The opening exhibition of the Danish Jewish Museum in Copenhagen is a broad presentation of Jewish life in Denmark through 400 years, and is a selection from the museum's own collection.
The top architect Daniel Libeskind's characteristic architecture will - in an almost labyrinthine manner - lead you into the enthralling universe of the Danish Jewish culture.
The exhibition was put together in close dialogue with Daniel Libeskind's architecture, which is reminiscent of the famous Jewish Museum in Berlin.
The good deed of the Mitzvah
It is this good deed, which has become the focal point of Daniel Libeskind's architecture, as he has based his design of the museum on the unique circumstance of Danish-Jewish history that the majority of Danish Jews were saved from Nazi persecution by their Danish compatriots during the Second World War.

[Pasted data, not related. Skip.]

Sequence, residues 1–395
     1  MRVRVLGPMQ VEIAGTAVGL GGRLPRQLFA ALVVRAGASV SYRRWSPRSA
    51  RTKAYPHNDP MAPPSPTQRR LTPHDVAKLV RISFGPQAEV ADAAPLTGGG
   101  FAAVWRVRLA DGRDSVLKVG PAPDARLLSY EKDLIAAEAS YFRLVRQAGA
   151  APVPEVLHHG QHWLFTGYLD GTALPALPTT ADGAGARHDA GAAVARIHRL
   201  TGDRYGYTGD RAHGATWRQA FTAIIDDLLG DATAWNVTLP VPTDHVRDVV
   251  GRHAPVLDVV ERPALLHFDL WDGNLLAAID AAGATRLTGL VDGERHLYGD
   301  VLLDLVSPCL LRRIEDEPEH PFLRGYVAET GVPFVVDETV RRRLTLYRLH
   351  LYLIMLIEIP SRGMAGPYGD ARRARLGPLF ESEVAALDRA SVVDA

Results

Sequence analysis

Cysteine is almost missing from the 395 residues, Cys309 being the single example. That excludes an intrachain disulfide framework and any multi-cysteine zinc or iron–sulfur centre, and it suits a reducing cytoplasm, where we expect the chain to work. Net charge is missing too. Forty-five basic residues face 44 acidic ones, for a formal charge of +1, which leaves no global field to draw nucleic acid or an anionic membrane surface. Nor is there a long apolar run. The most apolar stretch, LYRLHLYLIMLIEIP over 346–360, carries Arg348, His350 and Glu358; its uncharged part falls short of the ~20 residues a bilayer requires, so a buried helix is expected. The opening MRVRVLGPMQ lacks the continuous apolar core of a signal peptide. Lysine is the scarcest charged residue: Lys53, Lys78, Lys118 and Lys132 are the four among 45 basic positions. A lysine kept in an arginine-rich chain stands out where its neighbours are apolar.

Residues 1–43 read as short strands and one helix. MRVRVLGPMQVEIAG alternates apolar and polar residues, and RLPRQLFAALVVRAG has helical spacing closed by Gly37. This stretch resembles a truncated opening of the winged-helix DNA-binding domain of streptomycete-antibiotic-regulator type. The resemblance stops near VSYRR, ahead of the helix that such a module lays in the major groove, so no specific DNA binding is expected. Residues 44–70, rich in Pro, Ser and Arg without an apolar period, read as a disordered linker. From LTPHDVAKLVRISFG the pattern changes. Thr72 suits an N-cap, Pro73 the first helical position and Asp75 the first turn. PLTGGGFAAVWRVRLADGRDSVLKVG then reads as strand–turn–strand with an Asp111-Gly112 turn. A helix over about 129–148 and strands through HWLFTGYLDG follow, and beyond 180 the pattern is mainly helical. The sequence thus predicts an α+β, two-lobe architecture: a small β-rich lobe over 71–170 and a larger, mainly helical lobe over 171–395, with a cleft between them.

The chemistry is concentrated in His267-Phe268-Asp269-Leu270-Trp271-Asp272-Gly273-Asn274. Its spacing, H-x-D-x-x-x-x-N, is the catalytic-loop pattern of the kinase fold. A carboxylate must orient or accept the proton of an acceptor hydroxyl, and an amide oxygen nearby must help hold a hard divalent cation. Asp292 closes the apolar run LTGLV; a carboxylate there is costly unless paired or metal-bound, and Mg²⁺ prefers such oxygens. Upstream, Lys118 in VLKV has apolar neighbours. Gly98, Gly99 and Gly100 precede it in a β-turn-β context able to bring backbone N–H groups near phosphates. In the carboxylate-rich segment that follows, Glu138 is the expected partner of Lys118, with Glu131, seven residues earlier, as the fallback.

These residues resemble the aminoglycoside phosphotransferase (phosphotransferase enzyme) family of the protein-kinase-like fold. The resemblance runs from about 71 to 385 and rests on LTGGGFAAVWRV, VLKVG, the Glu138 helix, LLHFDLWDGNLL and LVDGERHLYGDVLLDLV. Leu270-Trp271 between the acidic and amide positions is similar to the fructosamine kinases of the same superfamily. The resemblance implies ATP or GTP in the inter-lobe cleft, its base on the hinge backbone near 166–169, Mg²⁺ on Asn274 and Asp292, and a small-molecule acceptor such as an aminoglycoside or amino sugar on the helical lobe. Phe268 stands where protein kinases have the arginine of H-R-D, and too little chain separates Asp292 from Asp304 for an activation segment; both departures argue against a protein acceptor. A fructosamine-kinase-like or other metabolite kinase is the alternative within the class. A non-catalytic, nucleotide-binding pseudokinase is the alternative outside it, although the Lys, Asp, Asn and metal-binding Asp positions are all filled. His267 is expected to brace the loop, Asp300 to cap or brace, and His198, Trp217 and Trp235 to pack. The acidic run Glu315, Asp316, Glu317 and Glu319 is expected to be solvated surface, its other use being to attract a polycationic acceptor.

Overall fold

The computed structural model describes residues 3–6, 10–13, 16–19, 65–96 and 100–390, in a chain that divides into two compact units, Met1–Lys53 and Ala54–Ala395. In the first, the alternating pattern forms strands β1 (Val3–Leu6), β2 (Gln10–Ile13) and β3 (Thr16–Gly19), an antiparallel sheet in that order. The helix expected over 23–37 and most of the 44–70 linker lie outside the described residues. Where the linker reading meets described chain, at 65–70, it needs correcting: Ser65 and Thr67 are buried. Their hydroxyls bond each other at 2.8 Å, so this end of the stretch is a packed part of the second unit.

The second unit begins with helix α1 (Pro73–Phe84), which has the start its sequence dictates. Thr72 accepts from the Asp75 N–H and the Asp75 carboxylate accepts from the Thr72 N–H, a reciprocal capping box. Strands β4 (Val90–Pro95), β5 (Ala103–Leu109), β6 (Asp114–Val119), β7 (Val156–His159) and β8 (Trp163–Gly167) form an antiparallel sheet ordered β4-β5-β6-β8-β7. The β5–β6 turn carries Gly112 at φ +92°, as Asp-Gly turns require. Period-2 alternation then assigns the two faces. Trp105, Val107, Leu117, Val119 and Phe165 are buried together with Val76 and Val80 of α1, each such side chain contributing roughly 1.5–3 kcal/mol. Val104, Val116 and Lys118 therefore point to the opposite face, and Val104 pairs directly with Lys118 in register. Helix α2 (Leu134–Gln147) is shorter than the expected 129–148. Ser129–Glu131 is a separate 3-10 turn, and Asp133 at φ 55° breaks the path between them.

The emblem and concept of the museum interior is the Hebrew word 'Mitzvah', which can be translated as obligation or good deed.
The word 'Mitzvah' represents the generally positive Jewish experience in Denmark and the special experience of being saved, and has become part of the museum's logo.
At the museum you get to experience different events, films and guided tours and you can use the reading room, which however mostly holds Danish material.